So generally, the way I plan it is:
- At least 2-3 hours outdoor time (that includes grocery shopping or window-shopping if I don’t feel like sweating it out outdoors).
- At least twice or thrice a week of full outdoor days, at the zoo, doing nature walks, or beach days – my husband typically helps me fulfil this requirement easily on weekends when he takes them out.
- And for indoor, at-home activities, I divide activity times into ‘activities after lunch’ and ‘activities just before dinner’. There is typically a break between ‘activities after lunch’ and ‘before dinner’ where they do unstructured free play and for me to laze around a bit or prep meals.
I have to also emphasise that I don’t plan for any tangible outcomes from doing all of this. I have no desire in ensuring they can read, count, or be bilingual at a certain age. Everything I do is about learning and having fun. If they still can’t read by the time they get to Primary 1 then so be it because every child is different and learns differently. I place much more importance in the more intangible outcomes: having a sense of imagination, enjoying learning, problem-solving and critical thinking skills, creativity, social skills, independence….you know stuff like that.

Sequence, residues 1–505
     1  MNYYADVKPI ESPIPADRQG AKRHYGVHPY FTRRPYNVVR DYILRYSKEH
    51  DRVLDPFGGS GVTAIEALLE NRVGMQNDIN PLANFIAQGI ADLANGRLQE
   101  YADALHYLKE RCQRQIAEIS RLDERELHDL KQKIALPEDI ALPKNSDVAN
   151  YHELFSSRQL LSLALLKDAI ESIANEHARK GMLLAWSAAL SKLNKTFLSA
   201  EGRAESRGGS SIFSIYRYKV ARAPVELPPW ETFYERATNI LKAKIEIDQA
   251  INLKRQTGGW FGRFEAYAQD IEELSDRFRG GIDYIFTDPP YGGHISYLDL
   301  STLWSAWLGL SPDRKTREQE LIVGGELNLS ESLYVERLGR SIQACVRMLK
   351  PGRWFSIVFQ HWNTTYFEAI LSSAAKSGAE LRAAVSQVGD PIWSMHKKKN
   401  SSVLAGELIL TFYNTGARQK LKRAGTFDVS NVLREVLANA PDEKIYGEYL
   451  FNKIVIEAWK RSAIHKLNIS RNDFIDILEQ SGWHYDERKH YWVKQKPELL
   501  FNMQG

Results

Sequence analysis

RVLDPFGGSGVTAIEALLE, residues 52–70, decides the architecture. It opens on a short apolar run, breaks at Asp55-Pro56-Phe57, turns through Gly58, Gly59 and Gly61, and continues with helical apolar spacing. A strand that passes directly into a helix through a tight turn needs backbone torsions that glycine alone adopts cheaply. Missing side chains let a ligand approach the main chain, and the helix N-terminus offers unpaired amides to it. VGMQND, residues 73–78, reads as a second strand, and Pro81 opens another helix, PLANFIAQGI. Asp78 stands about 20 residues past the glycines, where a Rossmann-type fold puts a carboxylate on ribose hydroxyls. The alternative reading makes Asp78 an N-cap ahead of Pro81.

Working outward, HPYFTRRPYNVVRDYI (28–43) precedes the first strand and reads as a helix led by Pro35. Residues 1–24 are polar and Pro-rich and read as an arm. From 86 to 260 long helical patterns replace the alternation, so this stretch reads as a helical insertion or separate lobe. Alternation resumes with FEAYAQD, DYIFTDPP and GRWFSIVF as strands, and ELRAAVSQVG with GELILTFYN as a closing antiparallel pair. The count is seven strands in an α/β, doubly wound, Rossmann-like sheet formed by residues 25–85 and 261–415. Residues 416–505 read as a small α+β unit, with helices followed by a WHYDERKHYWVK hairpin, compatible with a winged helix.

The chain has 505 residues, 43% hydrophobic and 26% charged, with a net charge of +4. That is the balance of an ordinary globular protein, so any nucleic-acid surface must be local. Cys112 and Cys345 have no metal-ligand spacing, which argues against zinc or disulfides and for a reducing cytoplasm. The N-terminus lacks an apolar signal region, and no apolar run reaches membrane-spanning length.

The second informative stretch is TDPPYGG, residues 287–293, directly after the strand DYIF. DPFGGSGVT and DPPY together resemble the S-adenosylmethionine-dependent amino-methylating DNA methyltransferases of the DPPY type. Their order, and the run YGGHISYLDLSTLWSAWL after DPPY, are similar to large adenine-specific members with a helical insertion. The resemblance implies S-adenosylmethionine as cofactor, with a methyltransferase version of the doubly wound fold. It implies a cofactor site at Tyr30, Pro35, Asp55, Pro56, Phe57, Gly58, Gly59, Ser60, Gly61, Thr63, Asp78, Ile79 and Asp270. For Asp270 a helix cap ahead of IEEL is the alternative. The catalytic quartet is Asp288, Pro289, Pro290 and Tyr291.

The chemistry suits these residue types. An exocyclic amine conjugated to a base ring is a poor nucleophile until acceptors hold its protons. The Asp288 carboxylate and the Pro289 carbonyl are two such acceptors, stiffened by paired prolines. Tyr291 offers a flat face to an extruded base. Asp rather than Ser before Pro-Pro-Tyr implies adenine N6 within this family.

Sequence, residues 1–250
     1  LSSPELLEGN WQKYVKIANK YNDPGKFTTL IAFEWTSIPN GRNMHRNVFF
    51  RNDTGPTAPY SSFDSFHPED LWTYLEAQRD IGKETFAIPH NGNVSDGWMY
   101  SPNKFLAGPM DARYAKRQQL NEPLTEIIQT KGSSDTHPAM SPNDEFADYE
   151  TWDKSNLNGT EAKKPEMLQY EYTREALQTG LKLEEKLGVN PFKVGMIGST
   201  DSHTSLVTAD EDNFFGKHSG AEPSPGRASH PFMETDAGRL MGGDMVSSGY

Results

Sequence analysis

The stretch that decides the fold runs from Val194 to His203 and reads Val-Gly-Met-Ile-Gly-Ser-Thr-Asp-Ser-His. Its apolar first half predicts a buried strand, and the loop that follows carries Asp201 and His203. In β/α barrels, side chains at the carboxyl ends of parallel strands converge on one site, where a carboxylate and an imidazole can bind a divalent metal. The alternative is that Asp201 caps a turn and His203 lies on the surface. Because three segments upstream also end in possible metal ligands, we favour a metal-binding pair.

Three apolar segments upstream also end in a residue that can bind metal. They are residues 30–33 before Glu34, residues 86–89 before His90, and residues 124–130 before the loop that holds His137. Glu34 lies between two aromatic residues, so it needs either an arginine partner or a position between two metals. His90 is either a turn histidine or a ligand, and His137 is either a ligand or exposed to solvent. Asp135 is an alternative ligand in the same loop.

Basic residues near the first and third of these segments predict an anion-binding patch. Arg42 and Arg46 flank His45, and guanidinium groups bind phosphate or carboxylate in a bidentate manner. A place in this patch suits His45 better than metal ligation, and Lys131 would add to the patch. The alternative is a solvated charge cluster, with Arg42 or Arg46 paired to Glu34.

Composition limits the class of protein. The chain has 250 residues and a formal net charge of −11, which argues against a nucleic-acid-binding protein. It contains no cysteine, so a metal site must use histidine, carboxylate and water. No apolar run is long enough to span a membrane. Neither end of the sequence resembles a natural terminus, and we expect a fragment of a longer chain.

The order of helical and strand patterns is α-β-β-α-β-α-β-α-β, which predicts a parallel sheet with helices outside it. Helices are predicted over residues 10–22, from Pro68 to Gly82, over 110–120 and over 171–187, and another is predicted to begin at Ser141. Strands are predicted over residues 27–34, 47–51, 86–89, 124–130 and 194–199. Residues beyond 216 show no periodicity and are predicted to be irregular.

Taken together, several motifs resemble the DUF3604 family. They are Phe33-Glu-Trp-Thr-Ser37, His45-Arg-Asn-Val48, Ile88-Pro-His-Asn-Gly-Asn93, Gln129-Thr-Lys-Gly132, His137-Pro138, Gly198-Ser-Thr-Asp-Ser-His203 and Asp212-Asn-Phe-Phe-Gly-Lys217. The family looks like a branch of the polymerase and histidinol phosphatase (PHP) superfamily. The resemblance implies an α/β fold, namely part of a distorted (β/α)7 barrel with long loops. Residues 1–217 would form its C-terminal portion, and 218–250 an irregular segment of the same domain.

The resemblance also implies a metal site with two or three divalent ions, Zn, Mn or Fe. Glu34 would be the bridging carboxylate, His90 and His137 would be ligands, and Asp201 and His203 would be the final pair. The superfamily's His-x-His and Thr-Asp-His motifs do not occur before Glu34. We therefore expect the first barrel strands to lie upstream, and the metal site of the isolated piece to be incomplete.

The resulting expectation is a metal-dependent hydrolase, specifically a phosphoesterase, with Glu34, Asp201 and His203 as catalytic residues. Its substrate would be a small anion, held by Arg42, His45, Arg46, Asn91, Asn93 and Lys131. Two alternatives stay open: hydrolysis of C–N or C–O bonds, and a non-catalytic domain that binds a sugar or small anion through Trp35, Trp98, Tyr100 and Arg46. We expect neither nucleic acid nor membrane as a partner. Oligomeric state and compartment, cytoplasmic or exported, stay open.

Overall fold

So I think there isn’t need to feel stressed about not doing enough for your kids. I am pretty sure almost everybody I know is doing above and beyond.
Books/Websites that guide my brainstorming
Explode the code series
Let’s play math: How families can learn math together and enjoy it (she has other books worth reading as well)
Bedtime Math series
Playful learning: develop your child’s sense of joy and wonder (her website has many beautiful printables that follows on the concept of inquiry-based learning)
For all the art ideas, please consult the books/websites from my blog entry on Art supplies. Sometimes a simple Youtube search, like eg. how to use clay with kids will yield plenty of exciting ideas you can do with your kids at home.
Info Montessori is a website that gives you step-by-step on how to use Montessori learning aids